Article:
The Professor Is In | Karen Kelsky

Summary of: The Professor Is In: The Essential Guide To Turning Your Ph.D. Into a Job
By: Karen Kelsky


Embarking on an academic career is often a dream for many Ph.D. students, but landing that dream job and turning your Ph.D. into a stable career can be challenging. In ‘The Professor Is In: The Essential Guide To Turning Your Ph.D. Into a Job,’ author Karen Kelsky explores the pitfalls and common misconceptions of academia, highlighting the harsh realities behind the increasing tuition fees, shrinking budgets, and the competitive job market. This summary will introduce you to the key themes of the book, equipping you with ways to avoid common mistakes, and offering helpful tips on job applications, interviews, and networking in academia and beyond.

The High Cost of Higher Education

Public universities across America have boosted their tuition fees due to a decrease in public funding, burdening students with tremendous amounts of debt. Public colleges raised their annual inflation-adjusted tuition by 27 percent from 2008 to 2014, with some states such as Arizona and California increasing by over 70 percent. Consequently, student loans have also risen. In 2014, the average graduate debt soared to a staggering $57,600. This is mainly because states spend less on higher education compared to previous years. Additionally, universities have cut back on teacher hiring while increasing the number of administrative personnel, leading to inadequate working conditions for new teachers who are paid as little as $1,800 per month. This has made it especially tough for grad students who have accrued considerable debt. Hence, many struggling graduates face an uphill task of finding employment. The situation is undoubtedly daunting, and it is imperative to work towards a solution.

Landing an Academic Job: The Brutal Truth

Graduates often underestimate the cut-throat competition and challenging realities of the academic job market. They mistakenly believe that a well-known advisor, passion for research, and innovative ideas are enough to secure a desirable position. However, with as many as 1,000 applicants for a single opening, graduates must focus on publishing in peer-reviewed journals, attending major conferences, and developing a strong CV. Advisors can also do more to prepare their students for this competitive environment. Graduates must avoid downplaying their ambitions and instead aim high to increase their chances of becoming successful in academics.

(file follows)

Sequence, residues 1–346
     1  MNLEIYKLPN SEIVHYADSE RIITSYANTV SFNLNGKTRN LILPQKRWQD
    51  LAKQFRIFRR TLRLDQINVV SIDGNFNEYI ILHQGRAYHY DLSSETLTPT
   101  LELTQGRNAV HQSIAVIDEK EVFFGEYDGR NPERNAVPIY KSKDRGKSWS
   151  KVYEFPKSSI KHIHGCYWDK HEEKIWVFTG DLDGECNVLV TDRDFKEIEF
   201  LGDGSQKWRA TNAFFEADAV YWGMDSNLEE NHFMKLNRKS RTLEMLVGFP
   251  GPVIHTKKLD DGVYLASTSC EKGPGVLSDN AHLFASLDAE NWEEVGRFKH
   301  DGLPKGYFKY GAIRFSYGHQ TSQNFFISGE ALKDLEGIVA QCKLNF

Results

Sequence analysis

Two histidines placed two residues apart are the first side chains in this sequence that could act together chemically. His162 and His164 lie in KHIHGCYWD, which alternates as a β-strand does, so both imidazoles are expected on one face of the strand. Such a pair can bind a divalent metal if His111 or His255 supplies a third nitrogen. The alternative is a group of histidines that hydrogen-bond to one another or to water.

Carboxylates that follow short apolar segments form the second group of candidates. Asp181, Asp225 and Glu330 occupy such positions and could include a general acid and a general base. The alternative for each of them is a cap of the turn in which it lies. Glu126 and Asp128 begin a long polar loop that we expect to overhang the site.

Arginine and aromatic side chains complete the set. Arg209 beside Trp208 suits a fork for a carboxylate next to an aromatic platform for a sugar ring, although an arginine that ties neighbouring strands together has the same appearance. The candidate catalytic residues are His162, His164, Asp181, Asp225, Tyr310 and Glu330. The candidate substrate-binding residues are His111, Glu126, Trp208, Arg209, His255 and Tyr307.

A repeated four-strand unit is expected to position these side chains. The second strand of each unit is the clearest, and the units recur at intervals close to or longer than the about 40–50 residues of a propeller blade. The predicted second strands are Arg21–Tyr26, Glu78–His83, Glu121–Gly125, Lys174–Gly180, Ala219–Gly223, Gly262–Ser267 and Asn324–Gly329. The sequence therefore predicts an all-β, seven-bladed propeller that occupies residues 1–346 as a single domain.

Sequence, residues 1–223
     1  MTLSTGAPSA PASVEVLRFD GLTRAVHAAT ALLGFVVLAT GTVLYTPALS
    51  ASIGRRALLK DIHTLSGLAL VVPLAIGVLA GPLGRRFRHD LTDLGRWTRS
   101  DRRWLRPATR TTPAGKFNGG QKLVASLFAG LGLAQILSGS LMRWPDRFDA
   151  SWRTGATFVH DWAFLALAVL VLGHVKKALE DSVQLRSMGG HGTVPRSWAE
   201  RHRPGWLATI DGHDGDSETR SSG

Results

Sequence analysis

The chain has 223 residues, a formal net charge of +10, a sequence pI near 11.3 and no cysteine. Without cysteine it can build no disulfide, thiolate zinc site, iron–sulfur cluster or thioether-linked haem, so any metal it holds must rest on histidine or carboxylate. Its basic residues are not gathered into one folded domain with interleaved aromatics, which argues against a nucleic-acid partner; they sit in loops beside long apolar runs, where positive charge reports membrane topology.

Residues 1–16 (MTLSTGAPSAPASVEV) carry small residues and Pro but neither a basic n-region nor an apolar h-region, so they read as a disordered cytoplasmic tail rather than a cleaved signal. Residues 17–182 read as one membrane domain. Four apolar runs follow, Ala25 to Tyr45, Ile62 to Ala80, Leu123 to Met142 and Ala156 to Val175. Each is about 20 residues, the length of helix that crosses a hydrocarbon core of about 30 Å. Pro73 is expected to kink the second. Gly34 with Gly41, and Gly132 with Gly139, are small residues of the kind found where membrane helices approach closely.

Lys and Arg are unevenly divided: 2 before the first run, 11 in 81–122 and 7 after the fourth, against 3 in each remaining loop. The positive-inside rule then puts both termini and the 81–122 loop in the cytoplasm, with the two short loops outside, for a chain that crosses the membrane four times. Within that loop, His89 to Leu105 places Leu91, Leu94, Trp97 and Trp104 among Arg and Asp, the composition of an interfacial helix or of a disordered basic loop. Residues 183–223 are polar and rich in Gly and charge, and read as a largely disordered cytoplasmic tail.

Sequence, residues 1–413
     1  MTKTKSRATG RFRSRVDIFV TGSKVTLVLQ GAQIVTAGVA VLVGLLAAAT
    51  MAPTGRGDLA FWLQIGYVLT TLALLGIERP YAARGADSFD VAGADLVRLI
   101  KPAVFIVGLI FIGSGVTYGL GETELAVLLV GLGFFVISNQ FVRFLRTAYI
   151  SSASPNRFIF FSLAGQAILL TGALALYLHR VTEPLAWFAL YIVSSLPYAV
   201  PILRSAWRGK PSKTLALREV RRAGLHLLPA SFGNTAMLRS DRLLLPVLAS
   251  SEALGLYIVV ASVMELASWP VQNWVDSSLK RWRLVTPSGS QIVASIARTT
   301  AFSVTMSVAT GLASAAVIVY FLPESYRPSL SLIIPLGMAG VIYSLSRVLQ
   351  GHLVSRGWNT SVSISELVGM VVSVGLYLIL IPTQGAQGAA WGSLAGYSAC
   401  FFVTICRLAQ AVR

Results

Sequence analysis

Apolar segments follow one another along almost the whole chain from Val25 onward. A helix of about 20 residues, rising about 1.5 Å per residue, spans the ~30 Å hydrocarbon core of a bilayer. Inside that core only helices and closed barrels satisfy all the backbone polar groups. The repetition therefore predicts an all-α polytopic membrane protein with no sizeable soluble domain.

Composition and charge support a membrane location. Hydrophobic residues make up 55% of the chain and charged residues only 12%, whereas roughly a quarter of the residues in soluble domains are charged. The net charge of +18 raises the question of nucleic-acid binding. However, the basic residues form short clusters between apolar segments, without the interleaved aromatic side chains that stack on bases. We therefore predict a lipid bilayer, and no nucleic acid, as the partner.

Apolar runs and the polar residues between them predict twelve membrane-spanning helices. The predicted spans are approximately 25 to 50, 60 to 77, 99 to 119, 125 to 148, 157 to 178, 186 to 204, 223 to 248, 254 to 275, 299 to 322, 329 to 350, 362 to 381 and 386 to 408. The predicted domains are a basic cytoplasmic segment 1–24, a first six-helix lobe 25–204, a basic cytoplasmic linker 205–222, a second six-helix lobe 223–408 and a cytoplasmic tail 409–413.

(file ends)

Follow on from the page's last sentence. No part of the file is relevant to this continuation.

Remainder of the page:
Mistakes to Avoid in Academia Job Search

The summary highlights three mistakes that graduate students make during job interviews, and proposes a solution to avoid such blunders. By articulating one’s academic identity, a graduate student can identify their research field, research program, and the pedagogical commitments they aim to achieve. The summary recommends that graduate students avoid discussing only their dissertation during interviews, take the initiative, and behave confidently as colleagues rather than as students. In addition to academic identity, the summary recommends creating the right documents for the job search. The summary concludes that by learning from others’ mistakes and avoiding these blunders, graduate students stand a greater chance of succeeding in the job search.

How to Write a Winning Cover Letter

A good cover letter is just as important as a great CV when applying for a job. To craft a winning cover letter, there are four structuring rules to follow. Firstly, include the letterhead from your current academic institution to give it a professional look. Secondly, stick to two pages, 11- or 12-point type, with Times New Roman or Garamond as your typeface, and around one-inch margins in width. Thirdly, keep your dissertation-related paragraph brief and add a second research project to show your interest in expanding your work.

Furthermore, avoid emotive language in your cover letter and instead list facts, such as detailed descriptions of your teaching experience and methods. Finally, tailor your letter to the job opening by carefully reading the description, identifying potential collaborators in the department, and detailing how you can collaborate with them. Follow these rules to write a concise and compelling cover letter that will put you ahead of the pack.

Crafting Your Competitive CV

A competitive curriculum vitae (CV) is essential for landing that dream job, and it’s not just about quality content but also quantity. Regularly update your CV with valuable contributions, such as attending national conferences or winning grants. Your CV should reflect the principle of peer review, emphasizing any activities reviewed by academic peers. Highlight important points, prioritizing education and conference activity sections. Don’t forget to use appropriate abbreviations and focus on creating a strong teaching statement.

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